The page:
SOCIAL scientists have often wondered if humans by nature are altruistic. Continuing studies show that, indeed, we are.
Those who are selfish, egotistic or abusive, Theosophy says, are breaking a primal law ruling all life – Universal Compassion.
Compassion is regarded as the ultimate power in occult philosophy by Eastern Masters. The Voice of the Silence, calls it “the Law of Laws”
This Law is described in the Voice as: “the light of everlasting Right, an fitness of all things, the law of love eternal.” It is a spiritual directive to every soul to always act for the benefit of others.
The esoteric tradition teaches that Gautama Buddha became the greatest teacher because he epitomized universal compassion. There is none higher that Buddha, and several of his Arhats, says the Voice: “On account of the great renunciation and sacrifice to mankind there is none [higher] known.”
The Voice of the Silence also teaches that each of us is a Buddha, if we choose to express that innate spiritual power, which is our heritage. Thus: “having sought him out, look inward: thou art Buddha,” says the doctrine.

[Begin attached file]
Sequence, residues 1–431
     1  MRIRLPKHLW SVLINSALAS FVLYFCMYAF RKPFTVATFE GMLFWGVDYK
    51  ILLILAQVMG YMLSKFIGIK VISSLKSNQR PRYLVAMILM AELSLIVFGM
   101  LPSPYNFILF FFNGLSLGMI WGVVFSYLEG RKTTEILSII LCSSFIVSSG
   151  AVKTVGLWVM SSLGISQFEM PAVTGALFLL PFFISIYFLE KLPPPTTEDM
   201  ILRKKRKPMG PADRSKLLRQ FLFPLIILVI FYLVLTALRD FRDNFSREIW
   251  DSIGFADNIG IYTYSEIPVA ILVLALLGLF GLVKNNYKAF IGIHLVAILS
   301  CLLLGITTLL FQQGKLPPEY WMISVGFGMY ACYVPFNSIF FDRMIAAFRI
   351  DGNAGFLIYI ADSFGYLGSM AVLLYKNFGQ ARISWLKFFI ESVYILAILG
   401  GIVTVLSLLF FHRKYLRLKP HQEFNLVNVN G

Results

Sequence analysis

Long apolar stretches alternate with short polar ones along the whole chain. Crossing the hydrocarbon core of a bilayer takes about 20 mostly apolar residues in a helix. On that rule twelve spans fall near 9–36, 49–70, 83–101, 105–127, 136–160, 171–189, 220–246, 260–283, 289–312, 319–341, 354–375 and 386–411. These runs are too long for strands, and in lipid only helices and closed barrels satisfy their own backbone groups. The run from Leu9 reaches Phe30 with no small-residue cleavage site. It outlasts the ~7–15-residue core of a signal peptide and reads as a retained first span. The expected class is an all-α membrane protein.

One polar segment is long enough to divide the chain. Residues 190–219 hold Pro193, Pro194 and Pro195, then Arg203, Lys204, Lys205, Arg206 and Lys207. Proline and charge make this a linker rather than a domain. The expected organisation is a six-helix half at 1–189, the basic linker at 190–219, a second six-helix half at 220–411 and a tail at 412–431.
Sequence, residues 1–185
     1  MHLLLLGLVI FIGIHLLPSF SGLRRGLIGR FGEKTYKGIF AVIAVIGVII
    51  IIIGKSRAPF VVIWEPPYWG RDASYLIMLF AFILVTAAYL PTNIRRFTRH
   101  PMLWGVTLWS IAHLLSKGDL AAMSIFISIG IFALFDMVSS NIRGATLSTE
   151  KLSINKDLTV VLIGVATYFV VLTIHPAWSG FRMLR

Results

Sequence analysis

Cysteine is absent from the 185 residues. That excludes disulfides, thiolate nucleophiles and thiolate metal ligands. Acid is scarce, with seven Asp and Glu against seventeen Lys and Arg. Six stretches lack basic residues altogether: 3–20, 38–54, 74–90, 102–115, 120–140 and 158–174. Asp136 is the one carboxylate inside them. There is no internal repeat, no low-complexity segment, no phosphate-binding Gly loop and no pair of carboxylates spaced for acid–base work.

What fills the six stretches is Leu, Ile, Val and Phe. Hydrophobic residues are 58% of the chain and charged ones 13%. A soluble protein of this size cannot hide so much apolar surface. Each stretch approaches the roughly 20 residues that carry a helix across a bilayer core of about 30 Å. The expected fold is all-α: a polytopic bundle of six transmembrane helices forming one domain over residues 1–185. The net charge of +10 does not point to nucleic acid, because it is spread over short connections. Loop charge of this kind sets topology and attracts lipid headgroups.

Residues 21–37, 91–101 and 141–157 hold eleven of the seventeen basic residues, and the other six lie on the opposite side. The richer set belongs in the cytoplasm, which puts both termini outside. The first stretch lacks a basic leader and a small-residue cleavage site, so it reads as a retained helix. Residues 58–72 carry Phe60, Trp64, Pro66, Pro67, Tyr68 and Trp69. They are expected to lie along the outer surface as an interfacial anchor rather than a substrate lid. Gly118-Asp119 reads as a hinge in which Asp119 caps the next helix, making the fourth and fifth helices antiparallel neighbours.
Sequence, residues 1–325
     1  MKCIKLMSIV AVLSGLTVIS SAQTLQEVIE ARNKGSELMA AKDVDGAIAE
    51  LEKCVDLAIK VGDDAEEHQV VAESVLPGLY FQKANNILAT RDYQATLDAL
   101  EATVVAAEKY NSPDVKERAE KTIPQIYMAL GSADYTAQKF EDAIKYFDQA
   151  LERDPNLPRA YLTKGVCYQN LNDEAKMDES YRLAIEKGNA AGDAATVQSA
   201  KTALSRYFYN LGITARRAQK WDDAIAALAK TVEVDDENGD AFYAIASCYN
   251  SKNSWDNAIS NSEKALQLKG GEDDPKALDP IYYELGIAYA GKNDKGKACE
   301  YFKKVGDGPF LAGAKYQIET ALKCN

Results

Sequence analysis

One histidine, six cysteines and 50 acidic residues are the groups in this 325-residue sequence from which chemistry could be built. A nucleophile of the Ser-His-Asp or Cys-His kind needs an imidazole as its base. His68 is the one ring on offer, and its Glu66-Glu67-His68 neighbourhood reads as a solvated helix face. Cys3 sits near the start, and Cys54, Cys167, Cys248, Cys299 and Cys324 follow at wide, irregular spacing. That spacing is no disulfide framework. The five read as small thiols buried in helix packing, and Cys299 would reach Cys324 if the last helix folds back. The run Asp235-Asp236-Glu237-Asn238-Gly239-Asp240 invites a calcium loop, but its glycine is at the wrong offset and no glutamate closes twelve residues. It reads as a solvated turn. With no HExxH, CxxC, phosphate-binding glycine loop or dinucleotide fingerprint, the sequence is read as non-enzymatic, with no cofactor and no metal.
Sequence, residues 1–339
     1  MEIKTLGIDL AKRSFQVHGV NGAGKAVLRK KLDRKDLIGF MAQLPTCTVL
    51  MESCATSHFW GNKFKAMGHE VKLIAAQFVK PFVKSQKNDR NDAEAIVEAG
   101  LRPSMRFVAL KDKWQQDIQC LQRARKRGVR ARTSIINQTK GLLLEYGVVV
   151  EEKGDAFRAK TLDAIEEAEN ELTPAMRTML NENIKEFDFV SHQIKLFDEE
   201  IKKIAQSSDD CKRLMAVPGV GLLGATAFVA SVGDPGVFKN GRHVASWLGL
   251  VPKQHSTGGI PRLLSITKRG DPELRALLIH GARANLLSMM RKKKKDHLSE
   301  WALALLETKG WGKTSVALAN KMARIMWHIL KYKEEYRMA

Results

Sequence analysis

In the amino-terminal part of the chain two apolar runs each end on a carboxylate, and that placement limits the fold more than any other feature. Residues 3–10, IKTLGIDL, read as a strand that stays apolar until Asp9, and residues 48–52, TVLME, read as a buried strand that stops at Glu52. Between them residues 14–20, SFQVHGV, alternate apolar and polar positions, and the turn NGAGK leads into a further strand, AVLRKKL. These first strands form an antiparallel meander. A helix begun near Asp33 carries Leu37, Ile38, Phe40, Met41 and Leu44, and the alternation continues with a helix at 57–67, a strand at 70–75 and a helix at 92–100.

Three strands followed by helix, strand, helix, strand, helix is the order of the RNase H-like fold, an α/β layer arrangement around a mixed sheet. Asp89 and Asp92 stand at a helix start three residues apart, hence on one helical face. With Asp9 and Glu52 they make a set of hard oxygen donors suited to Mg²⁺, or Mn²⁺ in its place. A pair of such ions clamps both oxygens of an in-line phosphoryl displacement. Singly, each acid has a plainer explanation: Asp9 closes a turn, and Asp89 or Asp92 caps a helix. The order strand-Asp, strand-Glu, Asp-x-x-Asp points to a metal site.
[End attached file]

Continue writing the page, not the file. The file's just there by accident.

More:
Yet there are still those who champion the self-centered theory, as did the mid 19th century philosopher and economist John Stuart Mill.
Science writer Elizabeth Svoboda, author of a new book – What Makes a Hero?: The Surprising Science of Selflessness – notes that Mill described man as a creature that “does that by which he may obtain the greatest amount of necessaries, conveniences and luxuries, with the smallest quantity of labor and physical self-denial.”
“Children should above all be taught self-reliance, love for all men, altruism, mutual charity, and more than anything else,” H. P. Blavatsky wrote, “to think and reason for themselves” (The Key to Theosophy 271). Further she insisted: “We should aim at creating free men and women, free intellectually, free morally, unprejudiced in all respects, and above all things, unselfish. And we believe that much if not all of this could be obtained by proper and truly theosophical education.”
Man in the Red Bandana
Remembering the man who led people to safety after terrorists struck the World Trade Center on September 11th — a former Boston College lacrosse player whose trademark was a red bandana.
“We urgently need to make compassion a clear, luminous and dynamic force in our polarized world…indispensable to the creation of a just economy and a peaceful global community.”
More Info: The Charter for Compassion